At the global level, the world economy experienced wide and growing current account imbalances. On the one side, the US ran continuous deficits since the 1980s, with the exception of a couple of years, and growing over time, reaching 6% of GDP in 2006. On the other hand several Asian countries, notably China, recorded growing current account surpluses (which in the case of China reached over 10% of GDP in 2007). The financing of the US deficit took place largely through the purchase of dollar denominated Government bonds by the rest of the world, resulting in the accumulation of huge liquid reserves, in particular in China, Japan and oil exporting countries.
Another international imbalance derived from the growing pressure that world demand exercised on the scarce resources of the planet, in particular primary commodities, such as oil, generating a sharp price rise until mid 2008. Primary commodity price developments have put into question the convenience of several durable products with high energy intensity, thus reducing their demand.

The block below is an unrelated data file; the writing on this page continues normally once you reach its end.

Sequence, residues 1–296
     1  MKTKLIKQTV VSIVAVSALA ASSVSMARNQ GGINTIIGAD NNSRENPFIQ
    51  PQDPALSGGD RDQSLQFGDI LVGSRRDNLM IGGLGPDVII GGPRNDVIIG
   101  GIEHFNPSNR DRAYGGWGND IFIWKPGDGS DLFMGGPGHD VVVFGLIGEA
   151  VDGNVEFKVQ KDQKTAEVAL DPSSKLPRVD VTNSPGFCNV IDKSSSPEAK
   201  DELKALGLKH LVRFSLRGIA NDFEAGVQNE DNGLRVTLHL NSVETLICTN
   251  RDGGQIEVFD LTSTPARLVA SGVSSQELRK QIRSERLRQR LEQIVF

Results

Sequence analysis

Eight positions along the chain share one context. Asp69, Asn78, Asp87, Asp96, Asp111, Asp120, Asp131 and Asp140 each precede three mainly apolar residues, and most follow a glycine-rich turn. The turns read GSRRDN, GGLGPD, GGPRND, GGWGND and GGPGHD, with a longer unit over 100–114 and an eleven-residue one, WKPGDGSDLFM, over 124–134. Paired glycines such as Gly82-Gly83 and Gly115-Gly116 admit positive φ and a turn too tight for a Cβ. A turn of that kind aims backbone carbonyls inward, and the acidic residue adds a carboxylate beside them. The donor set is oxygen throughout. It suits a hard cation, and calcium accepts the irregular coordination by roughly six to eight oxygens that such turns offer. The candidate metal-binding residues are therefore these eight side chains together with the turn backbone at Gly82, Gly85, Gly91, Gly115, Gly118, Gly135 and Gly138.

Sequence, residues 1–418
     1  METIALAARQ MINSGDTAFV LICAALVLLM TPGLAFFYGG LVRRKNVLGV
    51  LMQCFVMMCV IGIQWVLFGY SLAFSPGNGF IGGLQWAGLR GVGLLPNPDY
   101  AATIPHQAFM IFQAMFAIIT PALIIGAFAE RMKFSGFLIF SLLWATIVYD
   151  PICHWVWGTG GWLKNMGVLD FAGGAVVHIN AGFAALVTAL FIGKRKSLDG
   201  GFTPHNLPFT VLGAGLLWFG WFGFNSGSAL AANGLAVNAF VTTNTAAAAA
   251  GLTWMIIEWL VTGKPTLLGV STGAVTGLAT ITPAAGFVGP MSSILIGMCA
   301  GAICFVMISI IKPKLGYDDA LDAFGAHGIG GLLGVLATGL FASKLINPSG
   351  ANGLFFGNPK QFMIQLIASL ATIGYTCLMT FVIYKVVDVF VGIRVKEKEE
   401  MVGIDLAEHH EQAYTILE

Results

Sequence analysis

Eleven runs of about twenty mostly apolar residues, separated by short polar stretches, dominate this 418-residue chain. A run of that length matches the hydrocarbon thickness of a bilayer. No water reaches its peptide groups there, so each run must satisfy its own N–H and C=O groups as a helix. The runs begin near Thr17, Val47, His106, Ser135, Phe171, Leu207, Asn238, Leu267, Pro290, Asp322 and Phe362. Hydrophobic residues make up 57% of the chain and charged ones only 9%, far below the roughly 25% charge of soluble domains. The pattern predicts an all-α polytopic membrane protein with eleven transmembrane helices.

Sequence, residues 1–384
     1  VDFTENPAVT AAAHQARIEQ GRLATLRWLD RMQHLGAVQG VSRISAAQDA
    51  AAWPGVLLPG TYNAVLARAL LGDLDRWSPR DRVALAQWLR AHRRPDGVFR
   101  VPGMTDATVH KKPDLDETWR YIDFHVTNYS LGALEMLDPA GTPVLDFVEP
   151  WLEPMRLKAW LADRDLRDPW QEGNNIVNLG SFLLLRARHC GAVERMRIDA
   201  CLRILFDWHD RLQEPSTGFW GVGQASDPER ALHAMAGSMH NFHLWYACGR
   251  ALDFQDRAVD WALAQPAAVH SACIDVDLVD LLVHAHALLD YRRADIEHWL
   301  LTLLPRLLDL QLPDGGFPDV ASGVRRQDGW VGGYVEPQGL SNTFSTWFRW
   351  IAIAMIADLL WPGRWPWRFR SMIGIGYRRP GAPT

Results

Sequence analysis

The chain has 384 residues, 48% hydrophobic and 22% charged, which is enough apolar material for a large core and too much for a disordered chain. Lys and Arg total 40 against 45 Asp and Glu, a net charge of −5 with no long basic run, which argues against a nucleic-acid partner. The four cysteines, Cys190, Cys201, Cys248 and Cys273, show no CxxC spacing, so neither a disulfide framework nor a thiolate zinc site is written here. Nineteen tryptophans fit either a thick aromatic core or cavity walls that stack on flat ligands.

Imbalances have emerged also within countries, generating excessive growth in some sectors, such as finance and housing, and large financial flows, especially household debt. In the US all these imbalances have developed at the same time. Just to give an example, in the five years before the crisis the share of profits made in the financial sector profits rose to 40% of overall corporate profits, the double with respect to the average of the previous thirty years.
From 2002 to 2007 the world economy grew at a yearly average of 4.3%, pulled by international trade growing by 7.3% per year. This has been the most intense period of post-war growth. It has also been the most fragile, as a result of domestic and global imbalances.
This suggests that won’t be possible to exit from this crisis and return on a sustainable growth unless the imbalances which have accumulated until a couple of years ago are reabsorbed. It implies in particular that some sectors of economic activity which grew in an unbalanced way in the past might be substantially downsized, not only in the short term but also over the medium term, when the world economy will start growing again.